skip to main content

The Devil is in the Details

“Success in any endeavor requires single-minded attention to detail and total concentration.”

Willie Sutton (aka, “Slick Willie,” the famous bank robber)

Meaning of The Devil is in the Details

No doubt, from a young age, your parents and teachers taught you to pay close attention to detail when completing your school assignments.

Maybe before every exam, they reminded you to read all of the instructions thoroughly, or they drilled it into your brain to always double-check your work.  That’s essentially the lesson of this idiom and proverb: Details are important, so be conscientious and pay attention to the small things.

The devil is in the details means that the particulars, even if they seem insignificant, can end up causing problems.  In other words, it warns that “evil” can hide in the minutiae or specifics, and thus cautions a person to scrutinize all aspects of a plan, situation, item, etc., including even its most minor details, in order to avoid unforeseen difficulties and issues.

You’ve likely heard a similarly cautionary expression pertaining to documents, specifically legal contracts and agreements: Read the fine print.

Or is It

How does the devil is in the details apply to the business world?

As an example, consider our extensive use of contracts.

You’re close to a deal, but concerns linger.  Parts of the contract seem less than precise.  What in the world does “reasonable best efforts” or “good faith” mean, for example?

Negotiators in this situation face a choice: push for more precision now and delay the contract signing or sign the deal and hope the ambiguities won’t cause trouble down the road.

As business managers and entrepreneurs, how do we balance the devil in the details with the tradeoffs between precisions and ambiguities?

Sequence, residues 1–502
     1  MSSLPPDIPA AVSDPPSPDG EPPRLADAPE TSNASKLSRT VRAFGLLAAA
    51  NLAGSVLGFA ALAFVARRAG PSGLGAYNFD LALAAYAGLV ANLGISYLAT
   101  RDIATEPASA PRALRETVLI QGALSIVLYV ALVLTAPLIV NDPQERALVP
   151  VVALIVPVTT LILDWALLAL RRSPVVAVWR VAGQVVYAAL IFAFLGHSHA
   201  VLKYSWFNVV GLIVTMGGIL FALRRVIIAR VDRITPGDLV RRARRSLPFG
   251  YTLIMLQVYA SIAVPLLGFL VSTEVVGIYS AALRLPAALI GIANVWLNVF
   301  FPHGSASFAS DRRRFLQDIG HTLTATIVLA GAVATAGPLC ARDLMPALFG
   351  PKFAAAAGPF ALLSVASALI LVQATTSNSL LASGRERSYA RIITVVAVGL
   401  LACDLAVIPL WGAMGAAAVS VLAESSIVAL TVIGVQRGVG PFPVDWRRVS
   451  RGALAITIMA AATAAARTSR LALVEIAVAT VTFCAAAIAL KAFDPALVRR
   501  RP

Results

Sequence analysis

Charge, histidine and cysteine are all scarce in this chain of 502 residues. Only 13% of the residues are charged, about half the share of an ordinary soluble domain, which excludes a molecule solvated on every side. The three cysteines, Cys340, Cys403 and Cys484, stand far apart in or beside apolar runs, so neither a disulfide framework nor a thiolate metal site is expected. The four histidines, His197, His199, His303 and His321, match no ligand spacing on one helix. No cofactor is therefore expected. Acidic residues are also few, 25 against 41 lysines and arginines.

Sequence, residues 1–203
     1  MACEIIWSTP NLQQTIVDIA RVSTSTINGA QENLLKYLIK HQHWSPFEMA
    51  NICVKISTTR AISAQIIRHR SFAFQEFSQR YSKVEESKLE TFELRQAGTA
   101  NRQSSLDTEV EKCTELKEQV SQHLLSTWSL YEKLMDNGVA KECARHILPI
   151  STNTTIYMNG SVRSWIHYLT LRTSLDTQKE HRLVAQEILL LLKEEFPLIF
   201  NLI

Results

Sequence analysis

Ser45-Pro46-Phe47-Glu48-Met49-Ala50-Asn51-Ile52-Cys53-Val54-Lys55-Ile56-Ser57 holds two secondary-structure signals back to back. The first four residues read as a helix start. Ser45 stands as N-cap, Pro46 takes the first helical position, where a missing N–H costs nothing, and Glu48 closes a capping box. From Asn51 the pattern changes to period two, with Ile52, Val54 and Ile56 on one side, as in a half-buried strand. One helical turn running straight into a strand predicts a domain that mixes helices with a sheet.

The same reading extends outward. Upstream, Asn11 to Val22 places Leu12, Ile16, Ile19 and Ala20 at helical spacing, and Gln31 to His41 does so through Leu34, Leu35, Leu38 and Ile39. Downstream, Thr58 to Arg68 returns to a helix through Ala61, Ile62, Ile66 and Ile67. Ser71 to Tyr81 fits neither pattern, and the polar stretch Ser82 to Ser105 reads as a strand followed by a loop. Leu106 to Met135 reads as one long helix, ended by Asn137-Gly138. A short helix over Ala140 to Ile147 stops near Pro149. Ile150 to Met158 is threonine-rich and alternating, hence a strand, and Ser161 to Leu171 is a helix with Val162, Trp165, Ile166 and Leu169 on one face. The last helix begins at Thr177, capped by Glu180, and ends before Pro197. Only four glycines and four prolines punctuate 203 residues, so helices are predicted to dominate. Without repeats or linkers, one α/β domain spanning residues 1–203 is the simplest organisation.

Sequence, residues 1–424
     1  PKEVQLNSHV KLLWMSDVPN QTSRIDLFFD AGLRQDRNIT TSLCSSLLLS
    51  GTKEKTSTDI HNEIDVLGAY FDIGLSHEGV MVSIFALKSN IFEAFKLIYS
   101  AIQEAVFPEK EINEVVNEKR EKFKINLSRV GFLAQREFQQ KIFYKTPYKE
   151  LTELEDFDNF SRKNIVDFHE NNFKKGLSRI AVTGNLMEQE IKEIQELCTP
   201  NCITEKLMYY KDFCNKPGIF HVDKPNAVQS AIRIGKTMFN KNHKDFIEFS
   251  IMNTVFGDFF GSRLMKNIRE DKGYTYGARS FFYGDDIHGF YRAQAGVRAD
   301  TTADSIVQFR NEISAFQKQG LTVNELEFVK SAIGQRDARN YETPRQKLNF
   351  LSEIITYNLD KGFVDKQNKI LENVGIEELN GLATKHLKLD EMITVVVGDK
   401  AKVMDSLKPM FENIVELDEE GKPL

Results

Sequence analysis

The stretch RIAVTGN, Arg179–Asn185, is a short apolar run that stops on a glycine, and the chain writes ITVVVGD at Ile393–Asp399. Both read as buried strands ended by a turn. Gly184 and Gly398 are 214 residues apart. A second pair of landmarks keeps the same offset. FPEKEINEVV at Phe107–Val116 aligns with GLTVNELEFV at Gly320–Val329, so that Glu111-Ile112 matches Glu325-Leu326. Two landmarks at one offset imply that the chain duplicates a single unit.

In a recent article, Robert E. Scott of the University of Virginia Law School proposes a helpful framework for thinking through this fundamental negotiation tradeoff between precision and vagueness.

  • He notes that achieving more contractual specificity has a front-end cost; negotiating takes more time, effort, and expense.


  • Leaving vagueness in the contract reduces front-end costs but increases back-end costs; ambiguity increases the likelihood of contract interpretation issues and, therefore, the likelihood of litigation and subsequent legal costs.

Negotiators need to balance these front-end and back-end costs to determine whether to push for more precision in the deal at hand.  This analysis will lead to differing conclusions dependent on the circumstances and context.

The results will require you to be precise some of the time and vague the remaining time.

This example regarding contracts can easily extend to construction documents, product specifications, and even employment agreements.

Hence, the devil is in the details, sometimes, and sometimes not.

The Bible

Maybe it is appropriate that the phrase the devil is in the details refers to the Devil.

One of the most voiced criticisms of Christians is the Bible is not accurate.  Either it is too vague or is inconsistent or inerrant in its specificity.

To be clear, those accusations are provably false.  Arguments for the inerrancy and accuracy of the Bible have been offered for over two thousand years, and none have been proven.

Nearly all the discussion surrounding the accuracy of the Bible is incorrectly determining the type of genre in which the particular text is written.  Interpreting poetry, for example, is utterly different from interpreting historical narratives.  Poetry has a liberal dose of metaphorical language, and historical records contain a dose of eye-witness accounting.

Much like the previous discussion regarding contracts and the chosen use of specificity versus vagueness, the Bible contains crystal clear details when it is warranted to accomplish the point being made.  And at other times is confusingly vague because the author, God, has decided that those are details better left for a future time.

Given no other alternative, following the maxim of the devil is in the details is good advice.

However, the need for greater or less specificity is often a strategy for businesses to evaluate their business processes.  Specific details can be good, or can pose problems. 

Just like the Author of the Bible, successful business leaders know how and when to use details in a way that enhances what they intend to accomplish.